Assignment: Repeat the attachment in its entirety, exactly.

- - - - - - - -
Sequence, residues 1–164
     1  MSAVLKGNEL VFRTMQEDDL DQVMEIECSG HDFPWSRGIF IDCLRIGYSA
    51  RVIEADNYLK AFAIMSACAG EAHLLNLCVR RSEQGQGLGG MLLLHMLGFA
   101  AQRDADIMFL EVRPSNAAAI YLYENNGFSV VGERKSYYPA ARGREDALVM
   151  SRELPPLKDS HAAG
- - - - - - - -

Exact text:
Sequence, residues 1–164
     1  MSAVLKGNEL VFRTMQEDDL DQVMEIECSG HDFPWSRGIF IDCLRIGYSA
    51  RVIEADNYLK AFAIMSACAG EAHLLNLCVR RSEQGQGLGG MLLLHMLGFA
   101  AQRDADIMFL EVRPSNAAAI YLYENNGFSV VGERKSYYPA ARGREDALVM
   151  SRELPPLKDS HAAG